While pallets are easily available in different kinds, the wooden variety has a classic and timeless appeal to it. Here’s a detailed step-by-step on how you can make your own DIY pallet Adirondack chair.
Weekend Project | DIY Pallet Adirondack Chair Perfect for Your Backyard
DIY Pallet Adirondack Chair Tools
- Prybar / crowbar
- 3/8″ spade
- Hand saw
DIY Pallet Adirondack Chair Materials
- Four pallets in good condition
- Wood putty
- Wood glue
Step 1: Disassemble Your Pallet
If you’re a DIYer, pallets are one of the best sources of wood out there. To start this project, tear a few pallets down.
Make sure to choose pallets that are clean. Lightly-used pallets or those used in transporting dry goods are often the easiest and best for DIY projects. As much as possible, try to stay away from old pallets that were used for transporting chemicals and food.
Once taken apart, most pallets will give you some slat boards and some 2x4s. Bigger pallets should yield enough wood for you to make a side table as well.
Using a reciprocating saw, a pry bar, and a hammer, you can start taking your pallets apart. Make sure to put on a pair of gloves, dust mask, and eye protection as these are essential to your safety.
You might ruin a few boards while disassembling your pallets but save them anyway as they can be used for firewood. Set aside any leftover nails as well.
When you’re done taking your pallet apart, sand it thoroughly.
Step 2: Lay All the Parts Out
Now that you’re done taking your pallet apart, you’ll want to lay all the pieces out. Order your boards depending on their imperfections and warps so you can easily decide which ones to use later on.
Some boards may be splintered or not as nice as others. With these boards spread out, you can see which ones can still be salvaged.
Remember that even boards that may seem ruined can still come in handy if you just cut the bad parts out.
Step 3: Measure and Mark Your Brackets, Legs, and Armrests
Start by measuring and marking the rear legs or seat stringers of your DIY pallet Adirondack chair. Using a 35″ 1×6 wood, draw a grid made up of 1″ blocks. Keep in mind that the width of your wood is just 5.5″.
This should result in a series of 1/2″ blocks at the top. Follow these blocks to create the pattern one at a time. Use the first to trace the second.
To even things out, remember to cut out the part of the board that looks less appealing. Your stringers should mirror each other.
Now, for the armrests, just repeat the process but this time use a 32″ 1×6 wood.
For your bottom backrest rail, grab a 21.5″ 1×4 and again, draw 1″ blocks. Remember that the width of the lumber is only 3.5″ so you should end up with a series of 1/2″ blocks at the top.
Next, use a 22″ 1×4 and do the same for your top backrest rail.
Step 4: Start Cutting the Brackets, Legs, And Armrests
Now, begin cutting out the parts of your DIY pallet Adirondack chair.
Start by grabbing the wood you measured and marked for your armrests. Cut out two armrest brackets with a measurement of 7.75″ x 2.5″.
Now, with either a bandsaw or a jigsaw, start cutting out the rest of the pieces. Make sure to clamp each piece down firmly before you cut.
Keep in mind that you will need two each of the armrests and rear stringers. After cutting the first one, use it to trace the second one out and you won’t need to draw a set of grids again.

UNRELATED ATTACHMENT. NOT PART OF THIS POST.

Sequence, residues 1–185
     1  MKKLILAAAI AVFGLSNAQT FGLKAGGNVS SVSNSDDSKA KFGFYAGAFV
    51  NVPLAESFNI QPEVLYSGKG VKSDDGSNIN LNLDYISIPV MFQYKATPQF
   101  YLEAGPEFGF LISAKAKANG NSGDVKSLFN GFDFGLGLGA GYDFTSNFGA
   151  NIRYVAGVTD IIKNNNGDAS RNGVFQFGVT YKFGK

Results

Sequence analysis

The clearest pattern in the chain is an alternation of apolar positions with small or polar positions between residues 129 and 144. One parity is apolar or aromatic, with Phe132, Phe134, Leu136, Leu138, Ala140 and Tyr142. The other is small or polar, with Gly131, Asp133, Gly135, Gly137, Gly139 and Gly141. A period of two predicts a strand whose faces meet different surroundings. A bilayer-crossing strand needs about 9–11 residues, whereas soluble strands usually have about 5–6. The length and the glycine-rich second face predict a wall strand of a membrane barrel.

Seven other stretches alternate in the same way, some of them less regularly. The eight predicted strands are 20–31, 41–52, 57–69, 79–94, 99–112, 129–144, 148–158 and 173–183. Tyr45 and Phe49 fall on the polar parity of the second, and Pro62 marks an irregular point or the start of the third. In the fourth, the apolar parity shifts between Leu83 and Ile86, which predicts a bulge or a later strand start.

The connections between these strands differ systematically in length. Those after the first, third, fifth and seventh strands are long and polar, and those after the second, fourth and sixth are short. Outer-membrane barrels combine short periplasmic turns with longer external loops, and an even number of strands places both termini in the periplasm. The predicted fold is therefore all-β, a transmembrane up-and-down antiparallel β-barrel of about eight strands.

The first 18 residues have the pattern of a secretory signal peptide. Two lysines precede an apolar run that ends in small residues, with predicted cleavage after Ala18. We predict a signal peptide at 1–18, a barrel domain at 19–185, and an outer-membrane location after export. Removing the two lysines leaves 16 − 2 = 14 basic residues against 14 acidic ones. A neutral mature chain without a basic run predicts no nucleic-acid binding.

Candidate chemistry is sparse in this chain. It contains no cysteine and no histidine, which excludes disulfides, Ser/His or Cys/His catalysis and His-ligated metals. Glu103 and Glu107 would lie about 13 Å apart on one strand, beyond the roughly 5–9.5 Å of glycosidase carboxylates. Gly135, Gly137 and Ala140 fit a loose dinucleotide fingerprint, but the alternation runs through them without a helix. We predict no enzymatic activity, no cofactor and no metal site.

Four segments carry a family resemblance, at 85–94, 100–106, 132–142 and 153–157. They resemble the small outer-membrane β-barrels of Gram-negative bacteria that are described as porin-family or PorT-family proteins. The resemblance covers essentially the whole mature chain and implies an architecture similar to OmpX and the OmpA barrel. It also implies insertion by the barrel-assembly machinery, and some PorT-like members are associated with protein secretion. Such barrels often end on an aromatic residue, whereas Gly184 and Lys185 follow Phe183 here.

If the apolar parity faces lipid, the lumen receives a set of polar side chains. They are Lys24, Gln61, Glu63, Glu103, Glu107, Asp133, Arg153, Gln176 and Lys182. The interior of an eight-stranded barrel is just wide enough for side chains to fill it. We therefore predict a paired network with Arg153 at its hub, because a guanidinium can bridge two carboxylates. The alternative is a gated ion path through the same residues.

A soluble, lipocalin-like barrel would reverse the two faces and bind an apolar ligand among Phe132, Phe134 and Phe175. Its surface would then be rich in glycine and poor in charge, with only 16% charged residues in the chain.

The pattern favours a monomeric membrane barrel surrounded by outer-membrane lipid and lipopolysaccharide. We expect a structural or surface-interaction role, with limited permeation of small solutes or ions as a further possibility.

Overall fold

Step 5: Prepare Your Front Crosspiece, Front Legs, and Front Seat Slat
To make a front crosspiece, a front seat slat, and two front legs, you’ll need to grab two pairs of 20″x3.5″ boards. You can cut these out using either a circular saw, a handsaw, or a table saw.
Make sure to label each piece with a chalk or pencil and to keep your markings unobtrusive and small.
Step 6: Cut the Rear Crosspiece and Rear back Support Out
For the crosspiece, simply cut an 18.5″x3.5″.
Your DIY pallet Adirondack chair will also need two rear back supports. Cut this out by grabbing a 1×4 and measuring 23″ on one side and 26″ on the other. Draw a line between the two sides before cutting.
Step 7: Cut Your Seat and Back Slats
You’ll be needing nine 1.75″ seat slats for your pallet Adirondack chair. You can get these by simply splitting a 3.5″ board down at its center and cutting its length down to only 20″.
Afterward, you can start drilling pilot holes and countersinking them at about 3/4″ from the end of your piece. Try to get as close to its edge as possible, but make sure not to let your countersinking ruin the wood.
You’ll also be needing seven back slats. This is a great opportunity to use some of those less perfect boards. Just choose ones that are approximately 34″-36″ long.
Step 8: Cut the Fan Tail
To cut your fan tail, lay your back slats down on the floor together in the shape of a fan. Press them down against a board on their bottom edge to make sure they’re aligned.
Now, using a pencil, etch arcs into the top edges of the boards. Make sure to number your boards so you know the order they go into later.
Finally, grab a jigsaw and trim the edges of the boards following the etches you made.
Step 9: Start Assembling the Front Legs, Seat Stringers, and Rear Back Support
After all the measuring, trimming, and cutting, you’re finally ready to start assembling your DIY pallet Adirondack chair.
Begin the process by arranging the front leg, rear back support, and seat stringer in such a way that the leg goes under the stringer while the back support goes over it. Using the edge of a table or a straight board should help line up its bottom pieces.